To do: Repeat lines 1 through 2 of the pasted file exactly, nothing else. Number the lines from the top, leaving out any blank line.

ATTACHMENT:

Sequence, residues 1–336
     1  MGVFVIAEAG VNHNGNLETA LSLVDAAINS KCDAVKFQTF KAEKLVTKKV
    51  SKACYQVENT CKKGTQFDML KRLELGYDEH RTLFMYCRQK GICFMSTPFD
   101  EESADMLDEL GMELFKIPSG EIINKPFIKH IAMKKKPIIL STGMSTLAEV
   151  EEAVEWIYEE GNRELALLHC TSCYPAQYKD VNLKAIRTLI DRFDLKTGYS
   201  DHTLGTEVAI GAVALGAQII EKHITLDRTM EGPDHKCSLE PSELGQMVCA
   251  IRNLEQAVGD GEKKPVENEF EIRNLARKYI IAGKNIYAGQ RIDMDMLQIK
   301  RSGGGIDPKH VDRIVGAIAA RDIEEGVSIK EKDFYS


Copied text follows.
Sequence, residues 1–336
     1  MGVFVIAEAG VNHNGNLETA LSLVDAAINS KCDAVKFQTF KAEKLVTKKV